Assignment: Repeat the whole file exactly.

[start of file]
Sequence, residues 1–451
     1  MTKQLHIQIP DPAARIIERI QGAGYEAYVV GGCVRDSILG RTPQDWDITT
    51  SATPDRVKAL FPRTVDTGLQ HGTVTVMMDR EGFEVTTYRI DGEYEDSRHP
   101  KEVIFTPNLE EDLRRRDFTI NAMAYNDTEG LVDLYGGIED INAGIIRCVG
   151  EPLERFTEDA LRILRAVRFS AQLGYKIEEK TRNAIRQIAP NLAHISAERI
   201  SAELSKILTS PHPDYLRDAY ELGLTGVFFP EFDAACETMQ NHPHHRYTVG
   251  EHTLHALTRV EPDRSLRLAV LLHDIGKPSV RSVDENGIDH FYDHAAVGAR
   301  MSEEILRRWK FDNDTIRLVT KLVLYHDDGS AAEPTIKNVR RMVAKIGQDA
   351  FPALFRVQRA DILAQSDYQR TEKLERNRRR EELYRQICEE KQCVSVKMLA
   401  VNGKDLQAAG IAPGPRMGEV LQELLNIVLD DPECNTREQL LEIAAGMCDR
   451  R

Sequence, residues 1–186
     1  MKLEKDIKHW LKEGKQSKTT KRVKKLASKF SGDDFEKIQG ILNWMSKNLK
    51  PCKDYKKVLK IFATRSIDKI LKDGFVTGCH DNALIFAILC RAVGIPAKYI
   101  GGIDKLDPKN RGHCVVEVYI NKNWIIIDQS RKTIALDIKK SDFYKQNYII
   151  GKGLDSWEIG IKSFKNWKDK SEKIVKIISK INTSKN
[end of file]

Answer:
Sequence, residues 1–451
     1  MTKQLHIQIP DPAARIIERI QGAGYEAYVV GGCVRDSILG RTPQDWDITT
    51  SATPDRVKAL FPRTVDTGLQ HGTVTVMMDR EGFEVTTYRI DGEYEDSRHP
   101  KEVIFTPNLE EDLRRRDFTI NAMAYNDTEG LVDLYGGIED INAGIIRCVG
   151  EPLERFTEDA LRILRAVRFS AQLGYKIEEK TRNAIRQIAP NLAHISAERI
   201  SAELSKILTS PHPDYLRDAY ELGLTGVFFP EFDAACETMQ NHPHHRYTVG
   251  EHTLHALTRV EPDRSLRLAV LLHDIGKPSV RSVDENGIDH FYDHAAVGAR
   301  MSEEILRRWK FDNDTIRLVT KLVLYHDDGS AAEPTIKNVR RMVAKIGQDA
   351  FPALFRVQRA DILAQSDYQR TEKLERNRRR EELYRQICEE KQCVSVKMLA
   401  VNGKDLQAAG IAPGPRMGEV LQELLNIVLD DPECNTREQL LEIAAGMCDR
   451  R

Sequence, residues 1–186
     1  MKLEKDIKHW LKEGKQSKTT KRVKKLASKF SGDDFEKIQG ILNWMSKNLK
    51  PCKDYKKVLK IFATRSIDKI LKDGFVTGCH DNALIFAILC RAVGIPAKYI
   101  GGIDKLDPKN RGHCVVEVYI NKNWIIIDQS RKTIALDIKK SDFYKQNYII
   151  GKGLDSWEIG IKSFKNWKDK SEKIVKIISK INTSKN